The Southwest Journal is documenting the coronavirus pandemic by recording the personal stories of Minneapolis residents and workers whose daily lives are in a state of flux. As the outbreak evolves, we will be checking in with the participants regularly. Read all of the stories here.
All interviews are conducted over the phone, and conversations are edited for length and clarity.
Jen Wilson, co-owner, True Grit Society gym
It’s been a steady pace. We’re doing the same thing. Everybody knows there are risks and it’s a matter of what risks people are willing to take.
I was listening to a talk Dr. Michael Osterholm from the U of M did on NPR, and it was all about risk. Anytime you go anywhere you’re putting yourself at risk. I think with numbers going up and there’s still not really any control, people are worried. We’ve lost people at the gym who have said, “Thank you for making this safe and we mostly feel safe coming in, but we do see the numbers going up and I don’t want to take that risk anymore.”
I don’t want to make it seem like it’s all bad running a business right now, but it’s not great. I would say most businesses right now are not making a profit. We’re all just staying afloat, making ends meet. I don’t want anyone to thank us, but this is really a labor of love right now. We’re doing this because we love what we do and care about people. People who are coming in have thanked us for being open and creating a safe environment. We’re not really getting ahead, we’re just making ends meet to run the business right now.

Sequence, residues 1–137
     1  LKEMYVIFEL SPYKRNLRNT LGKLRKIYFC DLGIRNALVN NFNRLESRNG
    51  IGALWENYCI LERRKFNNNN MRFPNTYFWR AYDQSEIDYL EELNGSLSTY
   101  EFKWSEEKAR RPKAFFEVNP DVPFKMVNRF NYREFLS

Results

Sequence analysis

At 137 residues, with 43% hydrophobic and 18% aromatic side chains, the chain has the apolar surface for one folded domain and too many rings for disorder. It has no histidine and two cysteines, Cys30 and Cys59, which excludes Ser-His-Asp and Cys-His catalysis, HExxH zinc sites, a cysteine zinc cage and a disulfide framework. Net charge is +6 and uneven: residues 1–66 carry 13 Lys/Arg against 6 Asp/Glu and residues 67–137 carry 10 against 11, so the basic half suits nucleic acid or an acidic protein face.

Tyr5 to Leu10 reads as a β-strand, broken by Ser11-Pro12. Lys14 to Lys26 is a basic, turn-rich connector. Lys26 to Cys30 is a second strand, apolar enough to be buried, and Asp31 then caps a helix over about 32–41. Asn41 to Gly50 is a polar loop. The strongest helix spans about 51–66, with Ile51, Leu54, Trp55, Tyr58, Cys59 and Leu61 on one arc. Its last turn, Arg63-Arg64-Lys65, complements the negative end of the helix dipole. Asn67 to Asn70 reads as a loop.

The content Marcus is putting together for us on social media is really important because we need people to see that we’re still trying to run our day-to-day and putting together workouts outside and making it safe. Something that’s coming up really soon is: What is going to happen to these gyms in winter when we can’t be outside anymore?
What scared me from that Osterholm interview is when he said that for herd immunity to start it needs to be an infection rate of like 60%-70% and we’re at like 5% right now. With so much talk about all the people that have had it, I thought it was higher. For any herd immunity, so many more people would need to get it, and that’s very scary to think about what that looks like.
People are being cautious, especially in the gym. There’s this list of “top 10 places not to go” spreading around Facebook, and gyms are No. 2. But there’s no real infection rate data from gyms data right now. I haven’t heard of people being infected at gyms yet. We’re trying to spread people out and do our best to make a safe environment. I think people don’t know what to believe but they believe some of what they hear, and they don’t want to go anywhere on the top 5 list. So we have seen a slight drop.
There is no way to gauge what’s going to happen. It’s just so hard to say. Really right now we are just on our surfboard riding it out and hoping there’s no shark in the water.
Things have gotten a little busier for us, now that we’re running the business on a limited budget. Between the two of us, one of us is teaching classes once a day and we’re doing a lot of cleaning. We try to carve little family moments. This weekend we got up early and went on a bike ride to Lake Harriet.
VOICES FROM THE PANDEMIC
- Barb Joyce, infection preventionist, Jones-Harrison senior living
- Marcia Zimmerman, rabbi, Temple Israel
- Arminta and Ron Miller, residents, Waters on 50th senior living community
- Tracey Schultz, science teacher, Clara Barton Open School
- Peter Kumasaka, Linden Hills, emergency room physician
- Jen and Marcus Wilson, co-owners, True Grit Society gym
- Marion Greene, board chair, Hennepin County
- Jesse Vasquez, Uptown resident
You can read all of the stories here.